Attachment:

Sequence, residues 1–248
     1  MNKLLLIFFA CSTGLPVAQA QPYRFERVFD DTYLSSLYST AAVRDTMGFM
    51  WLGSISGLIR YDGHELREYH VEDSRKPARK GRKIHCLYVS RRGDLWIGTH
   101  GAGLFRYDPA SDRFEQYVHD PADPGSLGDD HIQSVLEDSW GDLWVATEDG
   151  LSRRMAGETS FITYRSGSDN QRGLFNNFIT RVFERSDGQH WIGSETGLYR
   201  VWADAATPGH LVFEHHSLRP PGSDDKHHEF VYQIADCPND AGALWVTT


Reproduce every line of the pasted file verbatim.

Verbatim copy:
Sequence, residues 1–248
     1  MNKLLLIFFA CSTGLPVAQA QPYRFERVFD DTYLSSLYST AAVRDTMGFM
    51  WLGSISGLIR YDGHELREYH VEDSRKPARK GRKIHCLYVS RRGDLWIGTH
   101  GAGLFRYDPA SDRFEQYVHD PADPGSLGDD HIQSVLEDSW GDLWVATEDG
   151  LSRRMAGETS FITYRSGSDN QRGLFNNFIT RVFERSDGQH WIGSETGLYR
   201  VWADAATPGH LVFEHHSLRP PGSDDKHHEF VYQIADCPND AGALWVTT